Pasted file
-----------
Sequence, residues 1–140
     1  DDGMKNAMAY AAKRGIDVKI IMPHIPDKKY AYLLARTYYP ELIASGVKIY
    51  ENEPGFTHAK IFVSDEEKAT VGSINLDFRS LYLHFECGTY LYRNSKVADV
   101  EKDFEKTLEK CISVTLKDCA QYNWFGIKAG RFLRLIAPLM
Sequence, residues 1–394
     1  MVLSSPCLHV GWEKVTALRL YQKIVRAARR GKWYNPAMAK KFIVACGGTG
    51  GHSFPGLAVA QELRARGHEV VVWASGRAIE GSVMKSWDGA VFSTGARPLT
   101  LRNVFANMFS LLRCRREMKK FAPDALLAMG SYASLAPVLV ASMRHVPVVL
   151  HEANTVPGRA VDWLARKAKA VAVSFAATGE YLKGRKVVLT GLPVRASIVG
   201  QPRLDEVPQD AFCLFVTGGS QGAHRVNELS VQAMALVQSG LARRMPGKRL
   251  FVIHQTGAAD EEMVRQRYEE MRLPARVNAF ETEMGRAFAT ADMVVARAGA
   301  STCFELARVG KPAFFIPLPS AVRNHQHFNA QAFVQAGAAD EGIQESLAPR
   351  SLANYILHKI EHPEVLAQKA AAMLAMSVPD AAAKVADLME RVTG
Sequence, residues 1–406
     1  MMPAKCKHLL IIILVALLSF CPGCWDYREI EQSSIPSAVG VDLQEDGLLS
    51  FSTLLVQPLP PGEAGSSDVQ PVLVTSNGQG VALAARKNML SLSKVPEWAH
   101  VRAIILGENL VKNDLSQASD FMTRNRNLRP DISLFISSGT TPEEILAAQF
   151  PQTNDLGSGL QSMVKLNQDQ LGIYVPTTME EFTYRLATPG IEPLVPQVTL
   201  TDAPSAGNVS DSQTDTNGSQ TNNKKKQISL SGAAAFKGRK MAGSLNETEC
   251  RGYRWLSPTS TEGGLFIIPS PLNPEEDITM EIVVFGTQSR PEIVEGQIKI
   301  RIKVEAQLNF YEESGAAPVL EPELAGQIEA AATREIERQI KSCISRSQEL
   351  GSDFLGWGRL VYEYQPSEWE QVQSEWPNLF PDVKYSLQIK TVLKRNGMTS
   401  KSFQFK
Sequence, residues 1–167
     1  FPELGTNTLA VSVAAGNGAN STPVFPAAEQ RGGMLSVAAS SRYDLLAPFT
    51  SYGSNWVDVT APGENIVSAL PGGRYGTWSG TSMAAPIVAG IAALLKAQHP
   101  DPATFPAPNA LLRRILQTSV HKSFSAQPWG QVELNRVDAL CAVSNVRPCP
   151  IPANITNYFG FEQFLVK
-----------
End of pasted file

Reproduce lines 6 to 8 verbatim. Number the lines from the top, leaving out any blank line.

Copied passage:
     1  MVLSSPCLHV GWEKVTALRL YQKIVRAARR GKWYNPAMAK KFIVACGGTG
    51  GHSFPGLAVA QELRARGHEV VVWASGRAIE GSVMKSWDGA VFSTGARPLT
   101  LRNVFANMFS LLRCRREMKK FAPDALLAMG SYASLAPVLV ASMRHVPVVL